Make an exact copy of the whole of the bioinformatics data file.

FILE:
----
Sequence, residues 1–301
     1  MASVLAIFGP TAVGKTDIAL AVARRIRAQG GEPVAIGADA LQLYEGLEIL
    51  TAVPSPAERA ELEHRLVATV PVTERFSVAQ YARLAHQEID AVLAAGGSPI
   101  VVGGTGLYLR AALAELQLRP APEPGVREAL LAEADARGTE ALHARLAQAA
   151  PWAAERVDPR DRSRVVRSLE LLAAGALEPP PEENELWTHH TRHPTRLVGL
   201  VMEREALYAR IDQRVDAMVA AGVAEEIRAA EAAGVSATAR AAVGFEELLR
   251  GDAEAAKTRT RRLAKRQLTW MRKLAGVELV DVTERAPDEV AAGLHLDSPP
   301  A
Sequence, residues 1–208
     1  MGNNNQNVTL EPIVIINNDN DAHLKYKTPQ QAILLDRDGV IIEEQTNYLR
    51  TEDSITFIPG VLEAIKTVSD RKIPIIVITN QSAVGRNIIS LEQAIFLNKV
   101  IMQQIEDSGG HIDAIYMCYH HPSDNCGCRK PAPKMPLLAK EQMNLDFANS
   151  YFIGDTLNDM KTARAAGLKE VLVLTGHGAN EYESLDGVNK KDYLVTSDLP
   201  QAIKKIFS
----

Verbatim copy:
Sequence, residues 1–301
     1  MASVLAIFGP TAVGKTDIAL AVARRIRAQG GEPVAIGADA LQLYEGLEIL
    51  TAVPSPAERA ELEHRLVATV PVTERFSVAQ YARLAHQEID AVLAAGGSPI
   101  VVGGTGLYLR AALAELQLRP APEPGVREAL LAEADARGTE ALHARLAQAA
   151  PWAAERVDPR DRSRVVRSLE LLAAGALEPP PEENELWTHH TRHPTRLVGL
   201  VMEREALYAR IDQRVDAMVA AGVAEEIRAA EAAGVSATAR AAVGFEELLR
   251  GDAEAAKTRT RRLAKRQLTW MRKLAGVELV DVTERAPDEV AAGLHLDSPP
   301  A
Sequence, residues 1–208
     1  MGNNNQNVTL EPIVIINNDN DAHLKYKTPQ QAILLDRDGV IIEEQTNYLR
    51  TEDSITFIPG VLEAIKTVSD RKIPIIVITN QSAVGRNIIS LEQAIFLNKV
   101  IMQQIEDSGG HIDAIYMCYH HPSDNCGCRK PAPKMPLLAK EQMNLDFANS
   151  YFIGDTLNDM KTARAAGLKE VLVLTGHGAN EYESLDGVNK KDYLVTSDLP
   201  QAIKKIFS